Set Lines: Your Silent Partner on Ice

News & Tips: Set Lines: Your Silent Partner on Ice

Recently I was ice fishing for walleye on a lake and experienced rather slow action. It was a classic mid-winter doldrums scenario. Fish were inactive most of the day and when dusk arrived the feeding was brief. While finesse jigging produced a few walleye, soaking a 3.5-inch minnow on a set-line put the bulk of the fish on the ice.

A dead-stick rod helps cover more water and catch more fish.

When it comes to ice fishing, set-lines are stellar. I see them as a silent partner to boost the day's catch stats. Whether a tip-up or a dead-stick rod, using an extra line allows you to cover more water, while simultaneously giving fish more than one snack to choose from.

When jigging for walleye, yellow perch, or crappie I use a dead-stick rod to soak a minnow. The soft-tipped pole is secured in a rod holder; the reel's drag set loose. This stick is kept close so I can quickly grab it and set the hook when a fish takes the bait and loads the rod. Positioning a set-line near the jigging hole is also advantageous because the commotion of the lure will attract fish to the area. Some will eat the bait you're working. Others will refuse but end up taking the minnow dangling from the nearby set-line.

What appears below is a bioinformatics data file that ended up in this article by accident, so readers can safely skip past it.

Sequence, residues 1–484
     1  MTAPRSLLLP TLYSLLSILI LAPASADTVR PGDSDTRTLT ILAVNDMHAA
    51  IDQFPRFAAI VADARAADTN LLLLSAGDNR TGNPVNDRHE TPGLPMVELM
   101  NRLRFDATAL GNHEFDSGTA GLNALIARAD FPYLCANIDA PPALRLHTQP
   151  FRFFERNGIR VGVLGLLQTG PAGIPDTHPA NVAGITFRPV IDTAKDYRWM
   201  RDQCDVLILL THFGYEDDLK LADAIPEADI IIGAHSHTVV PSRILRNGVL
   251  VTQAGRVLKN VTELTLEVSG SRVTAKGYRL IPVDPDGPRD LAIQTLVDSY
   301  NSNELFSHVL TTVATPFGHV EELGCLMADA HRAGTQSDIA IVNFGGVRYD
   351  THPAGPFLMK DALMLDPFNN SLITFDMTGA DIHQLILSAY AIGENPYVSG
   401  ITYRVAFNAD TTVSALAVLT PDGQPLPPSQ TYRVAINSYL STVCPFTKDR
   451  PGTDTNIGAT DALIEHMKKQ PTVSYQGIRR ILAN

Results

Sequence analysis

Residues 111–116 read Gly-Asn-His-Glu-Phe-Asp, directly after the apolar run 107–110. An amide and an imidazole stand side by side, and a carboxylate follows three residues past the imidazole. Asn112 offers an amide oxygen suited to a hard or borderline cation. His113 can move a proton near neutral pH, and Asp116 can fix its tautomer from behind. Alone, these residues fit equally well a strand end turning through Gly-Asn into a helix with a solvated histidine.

Generally, I prefer using a vertical ice jig to hook a minnow behind, and to the side, of the dorsal fin. Other options include tail-hooking a baitfish on a treble dangling below a split shot or hooking a minnow through the nose with a ball jig head. Some days fish prefer the action of one approach over the other, so be sure to experiment and let the biting fish tell you what they want. The same also goes for where in the water column to position the set-line bait. Reference fish signals on electronics and vary depth until you hone-in on the sweet spot.

I'm also a fan of using set-lines when targeting northern pike but with slightly varied tactics. I increase the distance between my jigging hole and the set-line. This is done mainly to prevent a hooked pike from tangling the two lines during the fight. Spreading things out also helps cover more area. Pike may find the set-line on their own, spot it en route to investigating the commotion of a jigging lure, or discover the minnow while snooping around the area after declining the bait you're working. Whether using a beefy ice rod or a tip-up for pike, a quick-strike rig is best for presenting a live or a dead baitfish as the dual hooks allow for immediate hook-sets.

Be sure to read the fishing regulations on set-line limits, live bait rules, and hook rigging allowances as these can be different from one zone to another and, at times, will change from one year to the next.